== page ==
"A Crime Against Society": Rape in the Congo from The Nation, c/o The Diary of an Anxious Black Woman.

Cara at The Curvature asks, Why is Victim a dirty word?

A story out of Gaza from Bastard Logic

Ultra Violet: Dogs and women not allowed.

Trans Group Blog considers the potential of Diego Sanchez being named senior adviser to Barney Frank

A woman in Georgia is arrested as she's leaving a court for refusing to take off her head scarf.

Internation Day to End Violence Against Sex Workers from Better Burn That Dress Sister.

HIV Researchers Make Critical Discovery for Women.

From Renee again, If you're a [12 year old!] black girl you must be a prostitute, a horrific story.

At guerrilla mama medicine we are asked to consider the definition of motherhood.

OK! That cleared out my Reader. ^.^ Of course in the subsequent day 47 new posts have popped up... -.- Oh Well. :D Regular posting will resume in the near future, until then, keep checking back on the "whatsername shares shit" widget for interesting stories and posts!

It's Time for a Round Up

I've been virtually out of action for a while, barely keeping up on my current events board and studying for finals (as well as reading Harry Potter, my brain rejoiced at the break). So now I'm going through my Reader and there is so much to share, I figured my little side widget just won't do this time.

She's been up to her usual challenging brilliance but in my catching up with Womanist Musings I was most moved by Renee's post about her son "Destruction" and how people's responses to him have changed as he grew up.

Want to know what Bush is up to as he gets ready to leave the White House? I found an answer through Feministe.

There's a new CD hitting the interwebz on January 1st called Speak! and it features the singing and spoken word (among other things I gather) of some of our favorite radical womyn of color from the blogosphere.

From ms. cripchick:
"I had the honor of joining radical women of color (many of who are your favorite bloggers, BrownFemiPower, Black Amazon, Little Light, Mamita Mala, Sudy, Nadia, and sooo many more) in putting together an amazing album that chronicles experiences around struggle, love, motherhood, redemption, healing and community. You can cop the CD in January, along with a zine and listening party curriculum, so be prepared! More details to come soon but stay on this— there are only 200 copies currently available. This is an effort towards sustainability and self-funding and all proceeds from this album will go to supporting mamis wanting to attend the Allied Media Conference next summer. Album will be offered on a sliding scale."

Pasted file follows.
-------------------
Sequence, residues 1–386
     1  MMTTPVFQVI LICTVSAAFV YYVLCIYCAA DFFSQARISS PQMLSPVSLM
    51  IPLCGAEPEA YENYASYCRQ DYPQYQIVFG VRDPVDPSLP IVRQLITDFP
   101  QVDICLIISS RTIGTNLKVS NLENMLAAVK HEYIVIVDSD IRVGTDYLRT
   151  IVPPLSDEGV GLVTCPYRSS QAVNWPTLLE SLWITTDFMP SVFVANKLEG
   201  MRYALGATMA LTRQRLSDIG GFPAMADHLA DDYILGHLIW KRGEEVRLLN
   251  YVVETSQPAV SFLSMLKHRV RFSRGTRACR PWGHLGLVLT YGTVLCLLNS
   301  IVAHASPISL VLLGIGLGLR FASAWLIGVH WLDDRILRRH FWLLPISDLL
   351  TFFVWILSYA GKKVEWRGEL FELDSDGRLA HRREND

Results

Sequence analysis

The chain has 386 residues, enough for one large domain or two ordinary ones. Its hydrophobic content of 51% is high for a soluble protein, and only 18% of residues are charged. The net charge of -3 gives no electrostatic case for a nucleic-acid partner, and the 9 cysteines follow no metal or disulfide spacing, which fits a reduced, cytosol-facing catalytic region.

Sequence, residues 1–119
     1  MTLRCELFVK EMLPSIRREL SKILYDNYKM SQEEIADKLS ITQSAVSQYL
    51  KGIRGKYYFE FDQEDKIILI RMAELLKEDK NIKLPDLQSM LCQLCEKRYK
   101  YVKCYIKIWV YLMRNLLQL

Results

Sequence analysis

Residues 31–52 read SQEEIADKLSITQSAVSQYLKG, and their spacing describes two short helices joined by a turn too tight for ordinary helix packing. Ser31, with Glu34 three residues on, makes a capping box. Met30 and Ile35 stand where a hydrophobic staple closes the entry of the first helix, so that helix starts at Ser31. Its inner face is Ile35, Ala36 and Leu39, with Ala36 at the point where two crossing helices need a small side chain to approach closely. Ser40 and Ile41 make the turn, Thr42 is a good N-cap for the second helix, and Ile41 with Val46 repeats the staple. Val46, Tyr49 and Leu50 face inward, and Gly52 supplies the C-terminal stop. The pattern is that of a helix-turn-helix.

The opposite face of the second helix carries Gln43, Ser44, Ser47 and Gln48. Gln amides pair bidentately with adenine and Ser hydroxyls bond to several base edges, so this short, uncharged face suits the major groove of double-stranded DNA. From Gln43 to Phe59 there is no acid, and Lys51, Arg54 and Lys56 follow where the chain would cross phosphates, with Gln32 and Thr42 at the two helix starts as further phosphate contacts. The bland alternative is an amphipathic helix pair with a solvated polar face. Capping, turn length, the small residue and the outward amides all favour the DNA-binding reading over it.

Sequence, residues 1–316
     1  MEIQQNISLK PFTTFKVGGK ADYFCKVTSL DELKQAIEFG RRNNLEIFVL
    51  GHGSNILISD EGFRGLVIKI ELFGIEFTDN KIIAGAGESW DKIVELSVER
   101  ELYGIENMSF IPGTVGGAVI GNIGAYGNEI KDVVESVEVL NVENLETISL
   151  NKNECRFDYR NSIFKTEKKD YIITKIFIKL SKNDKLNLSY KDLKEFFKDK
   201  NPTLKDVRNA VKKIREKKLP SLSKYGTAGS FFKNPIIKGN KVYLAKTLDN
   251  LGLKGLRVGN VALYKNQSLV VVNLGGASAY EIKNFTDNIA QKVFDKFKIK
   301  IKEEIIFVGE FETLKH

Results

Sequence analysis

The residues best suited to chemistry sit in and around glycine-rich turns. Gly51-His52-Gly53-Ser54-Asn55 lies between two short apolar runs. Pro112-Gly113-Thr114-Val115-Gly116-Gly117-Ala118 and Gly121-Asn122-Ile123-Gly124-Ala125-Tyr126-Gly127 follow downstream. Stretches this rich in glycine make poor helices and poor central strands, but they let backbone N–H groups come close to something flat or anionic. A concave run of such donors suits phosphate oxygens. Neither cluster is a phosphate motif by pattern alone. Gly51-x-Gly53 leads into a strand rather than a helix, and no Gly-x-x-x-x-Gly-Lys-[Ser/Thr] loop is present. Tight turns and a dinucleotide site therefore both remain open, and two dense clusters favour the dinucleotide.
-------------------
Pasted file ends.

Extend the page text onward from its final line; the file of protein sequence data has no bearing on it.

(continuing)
The Wild Hunt talks more about Pagan - Christian dialogue and religious pluralism.

Babeland's blog says if you like it then you shoulda put a (cock) ring on it.

Monica of TransGriot tells us why she can't stand the "Gay is the New Black" slogan, and newsflash, neither can I.

La Macha at Bitch Blogs talks about how Fat girls don't do that!

Yolanda at The Kitchen Table expresses her concerns about Caroline Kennedy representing New York state as a Senator.

los anjalis takes a moment on the 60th anniversary of the Universal Declaration of Human Rights to acknowledge how much it is not being lived up to in my home state.

Vivir Latino brings to light the rules Bush hastened to make against the mostly Latin@ migrant farmworker industry as well as an appalling story of NY police beating a public school kid for bringing a cell phone on campus.

In a related story, Nezua at The Unapologetic Mexican spreads the word about a NY/NJ Spanish Language ICE Raid Rapid Response Hotline. This is really useful, it's incredibly important that everyone living in the U.S. know their rights!

That's it for now, I still have over three hundred posts to look through though. So as I catch up I will probably be doing another one of these. :)

Wednesday, December 17, 2008


Found this documentary through a link to the trailer at bfp's place.

I've been captivated by the short clips from it hosted here. I hope I'll have the chance to see it! There's black diaspora Sundays at the local Speakeasy theater, I wonder if they'd be interested...

Regular posting will resume after finals, but I had to share.

Thursday, December 11, 2008

"Captain Hammer Will Save Us"